Cheshire, UK -- There's double trouble in store for business energy costs, with organisations being hit by rising wholesale prices, as well as non-energy charges, which account for more than half of today's electricity bills.
Inprova Energy has published a guide to third party charges to explain these fast rising non-energy costs that apply to distribution and network charges for delivering electricity, and green levies to support decarbonisation of the UK's energy supply and growth of renewables.
'These third party, non-energy costs amount to around 55% of a total power bill – up from 30% five years ago, but expected to push above 60% by 2020', said Michael Dent, Managing Director of Inprova Energy. ' While nothing's ever certain in the volatile energy markets, the general consensus is that wholesale costs are rising too.'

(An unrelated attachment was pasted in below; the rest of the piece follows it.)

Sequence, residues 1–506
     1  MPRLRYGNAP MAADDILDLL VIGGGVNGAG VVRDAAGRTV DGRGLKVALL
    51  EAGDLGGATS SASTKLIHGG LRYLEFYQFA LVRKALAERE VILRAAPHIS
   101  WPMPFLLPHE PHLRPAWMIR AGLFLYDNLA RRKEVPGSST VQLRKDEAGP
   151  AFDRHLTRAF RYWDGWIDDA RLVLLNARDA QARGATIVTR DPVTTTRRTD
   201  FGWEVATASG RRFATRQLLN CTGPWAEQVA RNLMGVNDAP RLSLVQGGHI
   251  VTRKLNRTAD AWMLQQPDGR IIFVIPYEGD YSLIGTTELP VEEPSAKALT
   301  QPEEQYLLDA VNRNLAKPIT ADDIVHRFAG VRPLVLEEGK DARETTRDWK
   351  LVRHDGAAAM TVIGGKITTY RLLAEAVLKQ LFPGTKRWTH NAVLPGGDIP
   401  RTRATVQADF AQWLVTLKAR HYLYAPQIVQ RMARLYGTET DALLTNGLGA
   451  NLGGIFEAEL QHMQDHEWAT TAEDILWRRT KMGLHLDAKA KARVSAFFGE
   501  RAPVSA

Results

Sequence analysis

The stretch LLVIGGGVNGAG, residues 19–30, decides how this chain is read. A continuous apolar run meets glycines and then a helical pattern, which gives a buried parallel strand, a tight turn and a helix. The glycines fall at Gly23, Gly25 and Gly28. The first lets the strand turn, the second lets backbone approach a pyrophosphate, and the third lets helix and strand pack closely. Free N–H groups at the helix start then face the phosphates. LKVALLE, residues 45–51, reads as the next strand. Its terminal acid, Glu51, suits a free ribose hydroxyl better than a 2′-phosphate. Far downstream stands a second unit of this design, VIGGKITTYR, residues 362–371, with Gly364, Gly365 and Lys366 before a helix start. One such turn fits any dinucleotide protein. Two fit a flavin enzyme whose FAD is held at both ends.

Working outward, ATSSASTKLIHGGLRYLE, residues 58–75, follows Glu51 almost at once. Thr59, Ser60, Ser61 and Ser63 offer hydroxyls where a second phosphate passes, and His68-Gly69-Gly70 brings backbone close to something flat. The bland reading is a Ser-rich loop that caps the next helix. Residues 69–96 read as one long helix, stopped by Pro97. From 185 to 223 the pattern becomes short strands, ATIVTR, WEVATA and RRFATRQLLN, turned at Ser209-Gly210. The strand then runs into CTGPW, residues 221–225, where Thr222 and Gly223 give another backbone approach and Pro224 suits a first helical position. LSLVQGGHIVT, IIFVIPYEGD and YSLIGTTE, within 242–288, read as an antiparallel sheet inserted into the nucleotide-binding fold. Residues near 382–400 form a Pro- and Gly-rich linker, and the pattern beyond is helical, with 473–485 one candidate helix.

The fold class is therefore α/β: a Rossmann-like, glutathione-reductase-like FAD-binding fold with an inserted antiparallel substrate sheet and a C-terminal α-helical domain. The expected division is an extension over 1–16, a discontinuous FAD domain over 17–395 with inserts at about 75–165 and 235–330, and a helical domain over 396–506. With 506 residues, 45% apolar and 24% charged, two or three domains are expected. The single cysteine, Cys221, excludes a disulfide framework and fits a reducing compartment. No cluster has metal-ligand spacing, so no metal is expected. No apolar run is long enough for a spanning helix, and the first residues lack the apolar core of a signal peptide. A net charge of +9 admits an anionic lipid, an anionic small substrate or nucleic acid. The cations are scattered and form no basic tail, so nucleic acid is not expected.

The guide explains the ten key non-energy costs that businesses will see on their bills, and what, if anything, organisations can do to reduce these costs.
'It's important for businesses to understand the breakdown of charges on their bill for invoice validation and budgeting. This is particularly true for customers on fixed contracts, where the components of the bill may not be so obvious,' said Dent. 'With most fixed contracts, third party charges will have been forecast and included, but there are options to fix only the wholesale costs and the supplier to 'pass-through' the non-energy charges, or for a partial fix, where only some of the third party charges are fixed.'
He continued: 'There's no room for negotiation when it comes to third party charges, but businesses can find some relief from reducing their energy consumption, particularly during peak charging periods, known as Triads.
'Businesses can, however, do more to control their wholesale costs via smart purchasing and energy efficiency strategies. Thankfully, third party costs aren't so dominant when it comes to gas bills, where there's a split of around 65/35% wholesale to non-energy costs.'